Bernadette: Yes that’s the one. So we had the director at the conference yesterday and it was really fantastic…filmed over 5 years, with the relationship to cinema. Some people they used film as a way of getting rid of their emotions, putting it in a box and expressing it once. For others, the storyteller became the connection to memory, for the couple in A SYRIAN LOVE STORY, they quite liked seeing the director because that was their only really connection with the home that they had to leave. So there were different perspectives on this whole issue as to why the filmmakers were documenting the crisis.
Jack: Did you get the feeling that any new projects were formed there and then in the conference.
Bernadette: Definitely! At the end, we had an outreach session to ask everyone “what are you going to do now? What’s the next step to really bring out your voice and share what you’re doing to change something?” There were so many ideas going around the room as to what we can all do, so that’s going out now and people are really wanting to be activists for it.
There were so many ideas going around the room as to what we can all do, so that’s going out now and people are really wanting to be activists for it.
Jack: How have you found it coming over to Cannes having been Bernadette the Student, Bernadette the Director of Watersprite Film Festival, to Bernadette part of the Cannes Machine?
Bernadette: It’s crazy! It’s my first proper time participating in things at Cannes and I have to say I’ve loved it. My favourite place was the International Village. I still came here with my Watersprite hat on, so I made lots of connections with people who want to work with young filmmakers and develop projects with us all over the world, doing what Watersprite is already doing but on a larger scale. So you can take it and tour it somewhere else.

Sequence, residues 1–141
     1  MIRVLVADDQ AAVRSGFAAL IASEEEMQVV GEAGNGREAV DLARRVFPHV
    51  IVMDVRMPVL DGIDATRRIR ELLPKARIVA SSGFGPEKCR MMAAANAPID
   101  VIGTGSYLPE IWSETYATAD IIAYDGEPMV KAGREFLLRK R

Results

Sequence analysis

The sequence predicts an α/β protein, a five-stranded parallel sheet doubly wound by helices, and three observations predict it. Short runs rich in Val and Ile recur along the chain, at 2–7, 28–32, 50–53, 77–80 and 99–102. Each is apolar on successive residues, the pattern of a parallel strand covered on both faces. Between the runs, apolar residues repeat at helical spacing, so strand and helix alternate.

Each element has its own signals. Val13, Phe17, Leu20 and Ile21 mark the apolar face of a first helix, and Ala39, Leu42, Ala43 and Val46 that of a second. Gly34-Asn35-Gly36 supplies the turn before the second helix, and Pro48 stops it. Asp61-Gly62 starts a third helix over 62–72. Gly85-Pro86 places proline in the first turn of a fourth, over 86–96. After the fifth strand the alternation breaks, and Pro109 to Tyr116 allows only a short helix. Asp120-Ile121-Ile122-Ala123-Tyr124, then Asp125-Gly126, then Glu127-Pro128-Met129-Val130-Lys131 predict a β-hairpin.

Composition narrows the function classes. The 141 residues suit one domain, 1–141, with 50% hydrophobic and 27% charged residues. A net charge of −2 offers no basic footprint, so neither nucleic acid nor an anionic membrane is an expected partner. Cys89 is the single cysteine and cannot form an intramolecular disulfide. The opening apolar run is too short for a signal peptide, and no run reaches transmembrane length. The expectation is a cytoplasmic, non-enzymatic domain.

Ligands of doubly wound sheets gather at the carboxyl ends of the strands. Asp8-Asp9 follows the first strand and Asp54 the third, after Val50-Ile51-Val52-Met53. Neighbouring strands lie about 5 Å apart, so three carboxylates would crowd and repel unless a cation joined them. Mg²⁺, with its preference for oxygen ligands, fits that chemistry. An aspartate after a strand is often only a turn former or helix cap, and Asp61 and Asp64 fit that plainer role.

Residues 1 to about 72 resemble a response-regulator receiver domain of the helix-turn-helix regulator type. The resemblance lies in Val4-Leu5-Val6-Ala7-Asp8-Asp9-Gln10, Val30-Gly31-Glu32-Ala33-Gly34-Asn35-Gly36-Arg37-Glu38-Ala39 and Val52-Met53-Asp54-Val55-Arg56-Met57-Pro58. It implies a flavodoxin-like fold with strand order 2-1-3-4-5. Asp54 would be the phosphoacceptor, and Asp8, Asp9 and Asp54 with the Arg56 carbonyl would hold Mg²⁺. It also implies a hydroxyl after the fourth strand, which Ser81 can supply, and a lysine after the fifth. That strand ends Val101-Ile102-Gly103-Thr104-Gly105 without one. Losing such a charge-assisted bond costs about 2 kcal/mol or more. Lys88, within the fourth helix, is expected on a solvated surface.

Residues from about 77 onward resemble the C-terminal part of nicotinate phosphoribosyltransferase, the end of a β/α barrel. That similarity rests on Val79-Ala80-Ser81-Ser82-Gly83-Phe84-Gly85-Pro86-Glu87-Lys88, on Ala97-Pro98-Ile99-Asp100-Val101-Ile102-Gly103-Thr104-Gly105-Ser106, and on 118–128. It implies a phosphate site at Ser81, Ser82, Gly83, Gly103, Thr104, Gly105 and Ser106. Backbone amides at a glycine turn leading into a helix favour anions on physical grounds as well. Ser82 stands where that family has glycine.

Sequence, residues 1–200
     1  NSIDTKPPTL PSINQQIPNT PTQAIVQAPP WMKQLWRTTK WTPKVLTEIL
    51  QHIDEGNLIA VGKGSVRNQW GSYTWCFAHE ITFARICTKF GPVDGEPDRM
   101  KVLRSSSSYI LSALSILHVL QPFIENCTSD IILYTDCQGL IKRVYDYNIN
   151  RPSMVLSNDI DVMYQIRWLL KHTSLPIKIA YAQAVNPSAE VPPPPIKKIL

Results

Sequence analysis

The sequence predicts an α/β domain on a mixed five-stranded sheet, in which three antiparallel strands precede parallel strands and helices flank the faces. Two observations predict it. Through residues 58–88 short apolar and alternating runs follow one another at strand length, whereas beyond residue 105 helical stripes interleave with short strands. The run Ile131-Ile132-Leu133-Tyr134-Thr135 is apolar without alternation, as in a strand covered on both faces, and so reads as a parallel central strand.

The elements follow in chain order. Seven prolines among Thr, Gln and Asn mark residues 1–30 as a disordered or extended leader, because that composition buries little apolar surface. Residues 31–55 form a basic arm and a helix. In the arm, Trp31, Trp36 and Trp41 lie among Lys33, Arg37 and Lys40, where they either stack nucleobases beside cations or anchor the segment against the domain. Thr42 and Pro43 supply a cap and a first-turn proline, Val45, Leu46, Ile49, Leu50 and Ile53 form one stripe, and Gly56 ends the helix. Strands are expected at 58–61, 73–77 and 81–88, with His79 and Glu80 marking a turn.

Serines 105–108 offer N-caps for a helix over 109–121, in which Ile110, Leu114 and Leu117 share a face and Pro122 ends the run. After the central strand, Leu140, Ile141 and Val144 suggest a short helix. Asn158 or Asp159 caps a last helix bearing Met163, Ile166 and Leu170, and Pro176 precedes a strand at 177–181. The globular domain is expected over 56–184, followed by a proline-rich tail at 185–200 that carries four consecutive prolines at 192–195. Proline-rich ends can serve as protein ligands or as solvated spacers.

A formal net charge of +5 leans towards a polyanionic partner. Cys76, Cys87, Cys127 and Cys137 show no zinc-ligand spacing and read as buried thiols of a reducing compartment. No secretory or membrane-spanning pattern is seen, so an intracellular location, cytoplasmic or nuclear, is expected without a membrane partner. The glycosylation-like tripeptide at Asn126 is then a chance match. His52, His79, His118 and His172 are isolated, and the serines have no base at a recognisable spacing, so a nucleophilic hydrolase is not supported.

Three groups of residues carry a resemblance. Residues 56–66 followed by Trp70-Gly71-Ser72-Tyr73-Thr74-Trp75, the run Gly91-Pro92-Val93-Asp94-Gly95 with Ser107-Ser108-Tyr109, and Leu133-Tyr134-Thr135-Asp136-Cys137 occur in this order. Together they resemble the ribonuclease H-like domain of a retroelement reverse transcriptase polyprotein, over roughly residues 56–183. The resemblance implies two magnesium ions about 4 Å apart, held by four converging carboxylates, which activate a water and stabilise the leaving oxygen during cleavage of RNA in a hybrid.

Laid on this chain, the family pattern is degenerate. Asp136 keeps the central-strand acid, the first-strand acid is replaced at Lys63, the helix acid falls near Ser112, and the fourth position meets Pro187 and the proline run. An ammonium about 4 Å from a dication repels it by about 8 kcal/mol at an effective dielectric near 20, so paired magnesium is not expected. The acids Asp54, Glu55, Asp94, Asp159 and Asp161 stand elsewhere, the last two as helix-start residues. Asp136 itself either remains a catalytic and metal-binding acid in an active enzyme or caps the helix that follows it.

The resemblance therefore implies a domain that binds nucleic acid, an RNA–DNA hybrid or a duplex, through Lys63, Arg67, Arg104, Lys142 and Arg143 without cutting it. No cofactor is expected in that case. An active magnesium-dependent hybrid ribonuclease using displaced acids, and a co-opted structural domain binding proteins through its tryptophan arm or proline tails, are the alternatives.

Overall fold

Jack: So we might see a delegation of Watersprite folk here next year perhaps?
Bernadette: That would be amazing!
Jack: The Cambridge crew would grow for sure. What do you think is different to a film festival like Cannes compared to somewhere like Berlinale or London Film Festival?
Bernadette: I have been asking a lot of people this question as well. I’ve been getting mixed responses. Some people think it’s quite commercial because it’s very glitzy, whilst some people I’ve spoken to have made some great connections for new creative projects here. Personally I think it is a beautiful place to come, very, very hectic. You meet so many people, one thing after the next. There’s so much history all around the city…
Jack: You do feel like you’re walking in the footsteps of film-stars from yesteryear at times.
Bernadette: It’s so true! That’s exactly why I love being here. I was living in the South of France last year, so it’s a little like coming home for me anyway.
Jack: So this is the first time you’ve properly experienced the festival even though you were living around her?
Bernadette: Yes, well last year for the film festival, we had clients for a screening, but I was only here for one day of the festival, so it’s the first time I’ve properly been in Cannes.
Jack: How long have you stayed this year?
Bernadette: Six days.
Jack: That’s a good innings.
Bernadette: A good introduction yes for six days. I had a bit of an experience of everything really. Not as many screenings as I would have liked, but it’s not the end of the world.
Jack: A lot of people say that yes when they’re here for work.
Bernadette: Yes, so I hope to come next year and try out the full programme alongside work.
Jack: Thank you so much for the chat Bernadette.